Digital Payments Player Sees Off Sebas Seizure




Tribune Business Editor


A Bahamian digital payments provider has successfully fought off a bid to seize control of its operations by fully repaying the debt owed to Sebas Bastian’s investment house.

Justice Ian Winder, in a January 13, 2022, verdict, confirmed that Investar Securities had sought to “withdraw the entire action” it brought against Sun Island Transfers, which trades as Sun Cash, after the latter made “full payment of its outstanding indebtedness”.

“In my view there is nothing further to be obtained in the action, and it must be withdrawn or otherwise dismissed,” the judge added. “The plaintiff [Investar], having accepted the sums owed to it, there is no likelihood of the appointment of a receiver over the assets of” Sun Cash.

Justice Winder also ordered that Investar Securities pay Sun Cash’s legal costs associated with a June 30, 2021, verdict in which Judge Winder ejected the investment house’s attempt to have Philip Galanis, the HLB Galanis & Company managing partner, appointed as interim receiver/manager for the digital payments provider.

No figures were provided for Sun Cash’s debt repayment, or how much it won in legal costs. Barry Malcolm, Sun Cash’s principal, declined to comment on this when contacted by Tribune Business yesterday. It is understood that the debt was repaid via cash flow rather than any new investor buying into Sun Cash.

Investar, which is the investment and financial services arm of Mr Bastian’s Brickell Management Group (BMG), had originally sought to convert a loan made to Sun Cash into a 49 percent equity ownership interest in the well-known electronic payments solution provider.

However, its plans were scuppered by the Central Bank of The Bahamas, which refused to approve Investar’s ownership move on the basis that it would violate “their policy of excluding gaming-related entities from the money transmission business”.

The “gaming” reference alludes to Mr Bastian’s ownership of the Island Luck web shop chain, which is widely regarded as the domestic market leader. The Central Bank also mandated that Sun Cash seek a new investor to acquire that 49 percent shareholding by yesterday.

However, undeterred at being thwarted by the Central Bank, Investar just one month later sought the Supreme Court’s permission to appoint Mr Galanis as interim receiver/manager on the basis that Sun Cash had defaulted on its loan repayments.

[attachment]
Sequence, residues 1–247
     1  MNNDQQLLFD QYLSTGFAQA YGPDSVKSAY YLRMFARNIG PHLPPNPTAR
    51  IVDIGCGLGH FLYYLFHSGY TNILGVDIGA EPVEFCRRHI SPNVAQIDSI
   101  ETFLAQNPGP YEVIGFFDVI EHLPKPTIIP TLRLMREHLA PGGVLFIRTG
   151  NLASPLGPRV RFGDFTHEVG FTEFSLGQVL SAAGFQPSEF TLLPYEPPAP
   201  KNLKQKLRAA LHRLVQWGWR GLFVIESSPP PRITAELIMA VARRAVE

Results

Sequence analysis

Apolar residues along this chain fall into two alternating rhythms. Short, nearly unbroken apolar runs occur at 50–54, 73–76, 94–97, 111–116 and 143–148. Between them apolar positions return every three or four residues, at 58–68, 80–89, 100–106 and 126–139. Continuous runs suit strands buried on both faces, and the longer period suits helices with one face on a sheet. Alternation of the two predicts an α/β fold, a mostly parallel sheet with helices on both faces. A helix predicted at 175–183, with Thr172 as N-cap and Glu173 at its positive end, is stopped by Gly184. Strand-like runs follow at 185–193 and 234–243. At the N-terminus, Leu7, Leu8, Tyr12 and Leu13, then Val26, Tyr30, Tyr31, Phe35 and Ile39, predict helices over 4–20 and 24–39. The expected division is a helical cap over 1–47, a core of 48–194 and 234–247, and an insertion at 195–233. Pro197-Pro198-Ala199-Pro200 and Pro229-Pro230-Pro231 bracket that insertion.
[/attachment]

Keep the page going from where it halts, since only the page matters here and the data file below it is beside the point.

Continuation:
The move appears to have been sparked by the Central Bank’s rejection of Investar’s purchase, and the default was denied by Sun Cash. It was backed by Justice Winder, who said it was “accepted” that the loan repayments were current. As a result, he ruled last year that appointing Mr Galanis to take over Sun Cash’s property and bank accounts at this time would not “be just and convenient”.

Investar had secured loans advanced to Sun Cash through two debentures attached to the latter’s assets. These were issued on May 11, 2020, and May 21, 2020.

The terms permitted Investar, upon giving 30 days’ advance written notice to Sun Cash, to “require” the latter to convert its loans into a 49 percent equity stake in the money transmission services provider. This would have resulted in Mr Bastian’s investment house receiving 3,290 ordinary shares priced at $446.43 each, valuing its interest at $1.469m.

Investar sought to exercise this conversion option on May 20, 2020, just nine days after the first debenture was secured. However, the deal required approval from both the Central Bank and Securities Commission.

“They [Sun Cash] say that notwithstanding earlier informal verbal indications from the Central Bank that Investar would be suitable, the Central Bank subsequently, on August 7, 2020, denied the application on policy grounds,” Justice Winder wrote in his June 2021 judgment.

“The Central Bank not only denied the application for Investar’s equity conversion, but imposed a deadline by which Sun Cash must secure a new shareholding or cessation of its business.”

Charles Littrell, the Central Bank’s inspector of banks and trust companies, served notice of the Investar denial on January 25, 2021. Just one month later, on February 24, Investar served notice on Sun Cash’s parent that it was in default under the debenture and, two days after that, sought Supreme Court approval to appoint Mr Galanis as interim receiver/manager.

Mr Malcolm, who at one time was chair of Playtech Systems, the parent company for Mr Bastian’s Island Luck web shop chain, replied: “Sun Cash is not insolvent and is meeting all payment obligations as they become due.”


TalRussell 4 months ago

It looking like aren't no better than Comrade Justice Ian Winder to begin packin' his luggage's, for de new premiership to elevate colony's top high bench, ― Yes?


TalRussell 4 months ago

Both sides deep pockets hire quality lawyering is more aimed brung legal redress or equitable relief to de intended injured party. ― Yes?


One 4 months ago

rich off of the poor and ignorant people. it should be illegal


ThisIsOurs 4 months ago

what should be illegal is the strategy to gobble up the entire economy. We will recognize the danger when its too late


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